A descriptive study was designed to answer the following research questions: 1) What are the postpartum health education needs perceived by first-time mothers in the hospital setting and in the primary care setting, and 2) What are the postpartum health education needs of new mothers perceived by health care providers in the hospital setting and in the primary care setting. Mercer's Theory of Maternal Role Attainment was used to guide the research. Forty-nine subjects participated in the study. The samples consisted of first-time mothers in the hospital (n=22), first-time mothers in the primary care setting (n=15), hospital health care providers (n=16) and primary care health care providers (n=ll). Data were collected using the Howard-Sater Questionnaire which addressed postpartum concerns in four categories: mother-infant psychosocial needs, mother's physical care, infant's physical care, and infant's medical care. Data were analyzed using descriptive statistics. Additional findings using Chi-square analysis delineated 19 items for which the mothers' degree of concern had decreased between the two data collection periods. Infant medical care was the general category of highest V priority to mothers both in the hospital and in primary care. Hospital health care providers gave equally high priority to the categories of mother's physical care and infant's medical care. Health care providers in primary care placed the greatest emphasis on the category of infant's physical care. Lists were compiled to demonstrate specific priorities for postpartum health education identified by each of the research groups. These lists demonstrated certain similarities between mothers and health care providers, but differences were also noted. Conclusions drawn from this research can be used to guide nurse clinicians in the role of educator and advocate for new mothers. The most effective education programs provide information identified as significant by both the learner and the teacher. Recommendations for future research include replication of the study using larger sample sizes from more inclusive populations and settings. It is also recommended that postpartum health education needs be explored by qualitative methods to provide affirmation about priority topics for mothers and health care providers.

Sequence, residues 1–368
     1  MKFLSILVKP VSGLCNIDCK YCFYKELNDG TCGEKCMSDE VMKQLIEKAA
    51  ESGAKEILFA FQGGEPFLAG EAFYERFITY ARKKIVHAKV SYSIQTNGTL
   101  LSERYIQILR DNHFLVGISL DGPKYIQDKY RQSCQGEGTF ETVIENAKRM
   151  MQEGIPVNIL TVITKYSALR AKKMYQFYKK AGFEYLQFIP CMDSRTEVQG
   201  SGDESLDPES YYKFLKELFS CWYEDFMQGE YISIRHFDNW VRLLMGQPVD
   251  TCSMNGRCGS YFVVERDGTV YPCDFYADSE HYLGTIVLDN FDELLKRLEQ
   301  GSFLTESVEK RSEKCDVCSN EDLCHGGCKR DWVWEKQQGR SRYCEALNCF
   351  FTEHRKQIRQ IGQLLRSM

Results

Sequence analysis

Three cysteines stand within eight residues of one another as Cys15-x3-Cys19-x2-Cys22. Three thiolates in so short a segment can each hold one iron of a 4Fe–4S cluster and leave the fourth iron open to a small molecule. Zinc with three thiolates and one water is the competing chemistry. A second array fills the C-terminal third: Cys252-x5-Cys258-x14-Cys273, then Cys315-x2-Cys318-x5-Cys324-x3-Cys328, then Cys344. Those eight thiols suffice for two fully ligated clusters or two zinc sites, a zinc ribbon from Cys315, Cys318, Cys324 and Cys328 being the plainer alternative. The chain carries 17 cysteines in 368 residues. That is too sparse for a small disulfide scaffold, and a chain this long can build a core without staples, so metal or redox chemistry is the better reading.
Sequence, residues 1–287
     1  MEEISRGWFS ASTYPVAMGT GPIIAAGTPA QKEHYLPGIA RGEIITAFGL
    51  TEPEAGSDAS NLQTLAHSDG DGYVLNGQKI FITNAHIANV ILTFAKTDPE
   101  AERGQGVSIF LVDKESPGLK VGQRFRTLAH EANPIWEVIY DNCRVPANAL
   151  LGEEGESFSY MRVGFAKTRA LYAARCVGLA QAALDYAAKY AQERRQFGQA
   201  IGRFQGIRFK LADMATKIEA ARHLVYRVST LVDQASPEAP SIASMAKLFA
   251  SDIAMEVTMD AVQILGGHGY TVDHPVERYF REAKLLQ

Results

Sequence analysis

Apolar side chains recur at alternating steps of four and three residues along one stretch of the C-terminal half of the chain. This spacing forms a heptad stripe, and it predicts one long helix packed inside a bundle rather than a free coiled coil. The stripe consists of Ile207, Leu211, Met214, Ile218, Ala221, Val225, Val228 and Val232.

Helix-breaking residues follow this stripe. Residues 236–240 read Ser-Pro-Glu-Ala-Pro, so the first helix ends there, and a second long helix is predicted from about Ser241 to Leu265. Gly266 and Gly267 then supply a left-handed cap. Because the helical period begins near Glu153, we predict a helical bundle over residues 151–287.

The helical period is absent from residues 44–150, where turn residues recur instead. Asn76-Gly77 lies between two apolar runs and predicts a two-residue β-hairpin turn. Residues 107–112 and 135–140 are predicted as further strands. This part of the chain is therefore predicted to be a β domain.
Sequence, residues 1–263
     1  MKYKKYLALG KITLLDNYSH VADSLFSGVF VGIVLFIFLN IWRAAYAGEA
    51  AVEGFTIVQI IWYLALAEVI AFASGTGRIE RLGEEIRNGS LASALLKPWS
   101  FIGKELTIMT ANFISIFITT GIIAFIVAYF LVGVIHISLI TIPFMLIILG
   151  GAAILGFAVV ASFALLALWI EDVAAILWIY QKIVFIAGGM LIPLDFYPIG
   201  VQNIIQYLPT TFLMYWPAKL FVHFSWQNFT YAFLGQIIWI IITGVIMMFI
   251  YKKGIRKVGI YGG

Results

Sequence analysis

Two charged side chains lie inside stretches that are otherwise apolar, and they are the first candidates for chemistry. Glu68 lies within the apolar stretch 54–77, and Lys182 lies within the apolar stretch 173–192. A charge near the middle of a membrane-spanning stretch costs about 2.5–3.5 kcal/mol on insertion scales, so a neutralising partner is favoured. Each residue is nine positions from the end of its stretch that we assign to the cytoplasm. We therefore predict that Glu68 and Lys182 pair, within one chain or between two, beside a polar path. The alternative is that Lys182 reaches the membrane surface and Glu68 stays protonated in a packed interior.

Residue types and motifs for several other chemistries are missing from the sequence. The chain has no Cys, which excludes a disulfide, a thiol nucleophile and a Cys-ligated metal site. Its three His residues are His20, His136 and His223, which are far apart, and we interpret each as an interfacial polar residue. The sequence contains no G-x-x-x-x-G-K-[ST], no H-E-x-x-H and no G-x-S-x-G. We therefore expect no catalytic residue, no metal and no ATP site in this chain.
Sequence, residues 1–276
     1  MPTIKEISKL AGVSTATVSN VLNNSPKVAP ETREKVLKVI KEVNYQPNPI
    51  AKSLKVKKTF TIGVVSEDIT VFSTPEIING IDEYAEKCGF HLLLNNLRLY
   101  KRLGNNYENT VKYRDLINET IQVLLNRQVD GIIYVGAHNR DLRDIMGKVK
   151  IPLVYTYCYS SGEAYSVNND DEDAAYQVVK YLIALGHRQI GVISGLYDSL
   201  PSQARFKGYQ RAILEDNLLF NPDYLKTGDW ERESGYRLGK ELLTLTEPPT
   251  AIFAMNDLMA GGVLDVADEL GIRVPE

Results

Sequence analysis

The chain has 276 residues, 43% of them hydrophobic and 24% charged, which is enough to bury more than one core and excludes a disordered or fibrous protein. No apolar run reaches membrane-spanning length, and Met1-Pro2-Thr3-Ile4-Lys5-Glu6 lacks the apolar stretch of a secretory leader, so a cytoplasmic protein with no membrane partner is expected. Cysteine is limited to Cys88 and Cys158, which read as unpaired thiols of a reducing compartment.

Master of Science in Nursing (MSN)


Graduate Nursing

Degree Date


Publication Number


First Advisor

Linda Sullivan

Second Advisor

Dr. Mary Alyce Mize

Document Type


Included in

Nursing Commons